To hold that numbers and mass in war are unnecessary is as dangerous as believing that they are sufficient. Defense contractor Norman Augustine famously observed that at the rate fighter planes are becoming complex and expensive, soon we will be able to build just one. Neither a plane nor a ship, no matter how capable, can be in more than one place at once. And if one ship that is in some ways equivalent to 100 is damaged or lost, we have lost the equivalent of 100. But, in fact, except for advances in situational awareness, missile defense, and the effect of precision-guided munitions in greatly multiplying the target coverage of carrier-launched aircraft, the Navy is significantly less capable than it was a relatively short time ago in antisubmarine warfare, mine warfare, the ability to return ships to battle, and the numbers required to accomplish the tasks of deterrence or war.
For example, Secretary of State Hillary Clinton's diplomacy in the South China Sea is doomed to impotence because it consists entirely of declarations without the backing of sufficient naval potential, even now when China's navy is not half of what it will be in a decade. China's claims, equivalent to American expropriation of Caribbean waters all the way to the coast of Venezuela, are much like Hitler's annexations. But we no longer have bases in the area, our supply lines are attenuated across the vastness of the Pacific, we have much more than decimated our long-range aircraft, and even with a maximum carrier surge we would have to battle at least twice as many Chinese fighters.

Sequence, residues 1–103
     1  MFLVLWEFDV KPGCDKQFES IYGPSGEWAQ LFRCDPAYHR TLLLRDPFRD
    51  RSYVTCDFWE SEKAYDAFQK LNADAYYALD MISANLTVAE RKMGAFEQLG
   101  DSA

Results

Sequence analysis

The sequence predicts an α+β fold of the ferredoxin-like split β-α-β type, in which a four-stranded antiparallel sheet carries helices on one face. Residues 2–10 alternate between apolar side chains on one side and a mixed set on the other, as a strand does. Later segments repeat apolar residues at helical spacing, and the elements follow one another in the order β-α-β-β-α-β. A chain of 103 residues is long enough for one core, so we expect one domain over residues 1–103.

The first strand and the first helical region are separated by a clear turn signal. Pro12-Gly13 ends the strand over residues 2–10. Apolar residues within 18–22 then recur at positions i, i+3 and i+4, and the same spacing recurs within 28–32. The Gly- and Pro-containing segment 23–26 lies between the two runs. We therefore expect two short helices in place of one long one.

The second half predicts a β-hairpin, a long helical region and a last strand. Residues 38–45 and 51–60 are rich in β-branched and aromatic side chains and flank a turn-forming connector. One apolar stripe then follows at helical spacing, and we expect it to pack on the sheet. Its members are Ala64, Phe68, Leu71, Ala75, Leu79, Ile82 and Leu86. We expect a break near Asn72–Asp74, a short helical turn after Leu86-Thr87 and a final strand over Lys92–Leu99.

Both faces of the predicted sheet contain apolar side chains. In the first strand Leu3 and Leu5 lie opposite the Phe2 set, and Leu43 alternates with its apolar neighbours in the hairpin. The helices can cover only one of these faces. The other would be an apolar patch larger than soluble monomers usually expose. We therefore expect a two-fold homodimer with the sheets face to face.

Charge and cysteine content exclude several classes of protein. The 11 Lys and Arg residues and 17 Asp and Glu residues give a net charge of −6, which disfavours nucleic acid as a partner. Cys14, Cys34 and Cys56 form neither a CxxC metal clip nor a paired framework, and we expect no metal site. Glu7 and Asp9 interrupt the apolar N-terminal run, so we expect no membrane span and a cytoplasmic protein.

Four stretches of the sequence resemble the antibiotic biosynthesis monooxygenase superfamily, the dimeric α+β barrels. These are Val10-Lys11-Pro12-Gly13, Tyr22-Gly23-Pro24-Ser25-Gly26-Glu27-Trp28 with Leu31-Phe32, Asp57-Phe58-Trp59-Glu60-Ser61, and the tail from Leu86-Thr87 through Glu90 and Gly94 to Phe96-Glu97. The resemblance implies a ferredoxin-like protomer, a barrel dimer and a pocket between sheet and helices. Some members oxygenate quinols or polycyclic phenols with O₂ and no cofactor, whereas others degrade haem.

The entire op-ed is well worth the read; as Mr. Helprin observers, not only are we facing potential Chinese superiority in ships, aircraft and missiles, we have also decimated our capabilities in such vital areas as anti-submarine warfare and mine warfare. We used the end of the Cold War as an excuse to retire hundreds of P-3 Orion airframes and the planned purchase of new P-8s won't begin to close the deficit, even with the improved capabilities of that platform.
President Obama likes to talk about capabilities, but you need a robust force in all areas to counter a growing super-power like China. That means more platforms with superior capabilities, not less. I'm not a fan of Joe Stalin, but the Soviet dictator was right when he observed that "quantity has a quality of its own." Our Navy has the quality we need (at least for now). Increasing the size of our fleet is essential, if we plan to remain the world's pre-eminent sea power for the 21st Century.